Ever see columnists or marketers promise “possibly our most exciting” something or other and then not deliver. I hope I’ve never been guilty of that. But I’ll use that phrase this month.
Early this year, when we embarked on the project of naming at least one R&D Team of the Year, I was cautiously pessimistic. I know how busy our food & beverage readers are, especially their product development folks. And I know how secretive and insular food & beverage companies are. Why, it’s difficult for us to crown an overall Processor of the Year – more on that later.
Nevertheless, the first step was the realization that somebody the size of a Kraft should not be competing with Big Bull Jerky (pretty much a one-man show out of St. Paul Park, Minn. – how you doin’, Joe Hinz?). So we decided on three sizes of companies.
We wanted a popular vote, but with some order. So we broke the process into two steps: an open nomination process, following by voting on just a few finalist R&D teams. The nomination numbers were not impressive and the suggested companies were all over the map, but we managed to pull out a couple good suggestions. We made those 11 companies our finalists, posted their names on our web site and crossed our fingers that somebody would vote.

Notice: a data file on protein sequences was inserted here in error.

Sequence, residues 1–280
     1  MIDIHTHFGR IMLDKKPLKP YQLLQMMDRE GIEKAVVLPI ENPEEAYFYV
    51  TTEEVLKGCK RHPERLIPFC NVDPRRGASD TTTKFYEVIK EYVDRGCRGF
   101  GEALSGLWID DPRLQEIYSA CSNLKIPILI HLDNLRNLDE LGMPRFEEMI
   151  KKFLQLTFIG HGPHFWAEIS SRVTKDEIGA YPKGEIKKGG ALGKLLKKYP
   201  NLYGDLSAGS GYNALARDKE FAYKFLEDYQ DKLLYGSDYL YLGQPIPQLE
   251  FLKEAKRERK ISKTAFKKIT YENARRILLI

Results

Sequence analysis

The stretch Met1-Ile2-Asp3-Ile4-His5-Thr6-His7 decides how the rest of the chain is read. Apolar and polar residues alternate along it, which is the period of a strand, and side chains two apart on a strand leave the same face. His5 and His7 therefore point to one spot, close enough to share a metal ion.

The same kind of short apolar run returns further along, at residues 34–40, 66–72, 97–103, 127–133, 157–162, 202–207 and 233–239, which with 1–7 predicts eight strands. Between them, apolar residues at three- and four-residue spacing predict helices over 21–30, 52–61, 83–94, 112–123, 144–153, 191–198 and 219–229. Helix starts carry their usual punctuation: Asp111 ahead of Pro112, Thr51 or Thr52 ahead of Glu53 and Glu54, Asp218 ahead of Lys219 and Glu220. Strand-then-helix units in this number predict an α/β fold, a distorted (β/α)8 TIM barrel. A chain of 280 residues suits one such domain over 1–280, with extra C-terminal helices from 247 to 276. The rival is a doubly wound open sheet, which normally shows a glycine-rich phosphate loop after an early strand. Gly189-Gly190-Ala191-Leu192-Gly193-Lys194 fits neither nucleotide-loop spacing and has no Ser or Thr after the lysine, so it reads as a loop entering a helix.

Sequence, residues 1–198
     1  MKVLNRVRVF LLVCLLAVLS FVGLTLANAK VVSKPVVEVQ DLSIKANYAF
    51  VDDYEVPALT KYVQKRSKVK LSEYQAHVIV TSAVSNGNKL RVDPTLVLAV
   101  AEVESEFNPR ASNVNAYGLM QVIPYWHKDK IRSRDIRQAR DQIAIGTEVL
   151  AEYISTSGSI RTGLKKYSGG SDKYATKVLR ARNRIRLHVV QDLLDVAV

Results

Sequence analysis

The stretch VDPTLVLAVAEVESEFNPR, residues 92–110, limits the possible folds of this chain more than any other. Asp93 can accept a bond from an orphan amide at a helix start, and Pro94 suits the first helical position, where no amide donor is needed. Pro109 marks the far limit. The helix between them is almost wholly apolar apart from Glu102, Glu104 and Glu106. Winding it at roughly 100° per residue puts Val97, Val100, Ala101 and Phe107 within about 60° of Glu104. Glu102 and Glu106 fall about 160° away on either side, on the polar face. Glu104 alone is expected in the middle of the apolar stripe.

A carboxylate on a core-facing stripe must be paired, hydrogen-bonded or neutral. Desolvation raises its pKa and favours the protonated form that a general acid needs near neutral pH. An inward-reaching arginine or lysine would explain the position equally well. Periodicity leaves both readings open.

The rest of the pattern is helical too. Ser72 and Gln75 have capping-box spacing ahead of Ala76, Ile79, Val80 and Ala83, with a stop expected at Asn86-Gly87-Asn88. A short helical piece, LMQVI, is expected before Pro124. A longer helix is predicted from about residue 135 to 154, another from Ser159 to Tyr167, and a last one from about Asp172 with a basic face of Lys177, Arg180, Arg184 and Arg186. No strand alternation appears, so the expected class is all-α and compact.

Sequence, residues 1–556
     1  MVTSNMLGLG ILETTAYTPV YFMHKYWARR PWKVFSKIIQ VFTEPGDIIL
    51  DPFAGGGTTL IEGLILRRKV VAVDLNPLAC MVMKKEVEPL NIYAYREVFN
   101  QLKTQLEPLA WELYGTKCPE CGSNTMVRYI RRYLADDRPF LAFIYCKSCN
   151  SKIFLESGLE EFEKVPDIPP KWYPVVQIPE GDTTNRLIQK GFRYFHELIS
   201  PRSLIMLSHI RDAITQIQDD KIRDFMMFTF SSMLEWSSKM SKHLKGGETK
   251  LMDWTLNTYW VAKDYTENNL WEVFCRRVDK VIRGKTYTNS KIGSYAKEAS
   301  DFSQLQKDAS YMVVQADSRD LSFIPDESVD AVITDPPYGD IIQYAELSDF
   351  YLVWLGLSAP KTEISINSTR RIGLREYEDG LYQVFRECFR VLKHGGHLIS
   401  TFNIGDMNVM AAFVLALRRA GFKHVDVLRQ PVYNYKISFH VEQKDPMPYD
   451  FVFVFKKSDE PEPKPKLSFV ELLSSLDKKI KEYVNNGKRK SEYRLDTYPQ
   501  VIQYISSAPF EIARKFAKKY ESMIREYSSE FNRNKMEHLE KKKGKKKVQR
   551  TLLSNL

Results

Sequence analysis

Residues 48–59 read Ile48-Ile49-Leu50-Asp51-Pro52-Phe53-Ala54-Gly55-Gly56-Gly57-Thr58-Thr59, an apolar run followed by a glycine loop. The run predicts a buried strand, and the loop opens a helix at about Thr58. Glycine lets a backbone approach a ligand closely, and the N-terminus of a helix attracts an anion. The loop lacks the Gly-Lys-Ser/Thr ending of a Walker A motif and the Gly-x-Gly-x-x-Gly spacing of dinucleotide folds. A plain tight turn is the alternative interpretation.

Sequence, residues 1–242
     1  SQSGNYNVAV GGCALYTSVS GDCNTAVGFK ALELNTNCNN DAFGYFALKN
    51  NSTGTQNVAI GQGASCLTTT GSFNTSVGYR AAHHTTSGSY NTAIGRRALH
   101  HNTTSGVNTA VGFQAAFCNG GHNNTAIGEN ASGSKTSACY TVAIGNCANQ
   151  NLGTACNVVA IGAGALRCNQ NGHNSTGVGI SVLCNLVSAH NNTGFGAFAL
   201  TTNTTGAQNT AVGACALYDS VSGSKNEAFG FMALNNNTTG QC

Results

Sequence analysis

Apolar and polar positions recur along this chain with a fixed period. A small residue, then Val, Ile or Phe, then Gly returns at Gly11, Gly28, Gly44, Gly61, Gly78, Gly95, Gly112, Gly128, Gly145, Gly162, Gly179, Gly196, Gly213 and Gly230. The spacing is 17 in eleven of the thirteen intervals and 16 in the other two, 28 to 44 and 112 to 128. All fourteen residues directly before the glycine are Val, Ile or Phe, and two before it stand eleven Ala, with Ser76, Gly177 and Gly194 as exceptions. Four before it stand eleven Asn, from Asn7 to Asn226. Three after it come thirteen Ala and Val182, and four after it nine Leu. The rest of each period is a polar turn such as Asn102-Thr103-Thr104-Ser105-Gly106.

What followed was phenomenal, especially for a first-time effort. We got hundreds of votes the first day. It didn’t take long before we broke 1,000. By the time we closed the polls, we had 1,555 votes – beyond our wildest dreams. If the web software was working correctly, nobody could vote more than once.
I should have known we had struck a nerve back in the nomination process, as uneven as that was. An acquaintance in R&D at a very large multinational called me to make a nomination. I was about to write down his company’s name when he instead suggested Heinz (not even one of our finalists). He said he really admired the work they were doing in frozen foods, translating T.G.I. Friday’s appetizers and entrees into packaged goods. He lauded how the R&D team was integrating a good understanding of packaging into several product development projects.
One of the write-in nominations suggested the product developers at Pilgrim’s Pride. Frankly, it wasn’t the most compelling argument and it contained no product examples, it just said that after all they had been through with that beleaguered company, they deserved some recognition.
I was thrilled when someone put into nomination tiny Peas of Mind, whose principals (probably the whole company) I met at a Natural Products Expo a year or so back.
So you have delighted me, dear readers, with your response. Thank you.
You can read about the winners of our R&D Teams of the Year, here: 2009 R&D Teams of the Year: There Is No ‘I’ in R&D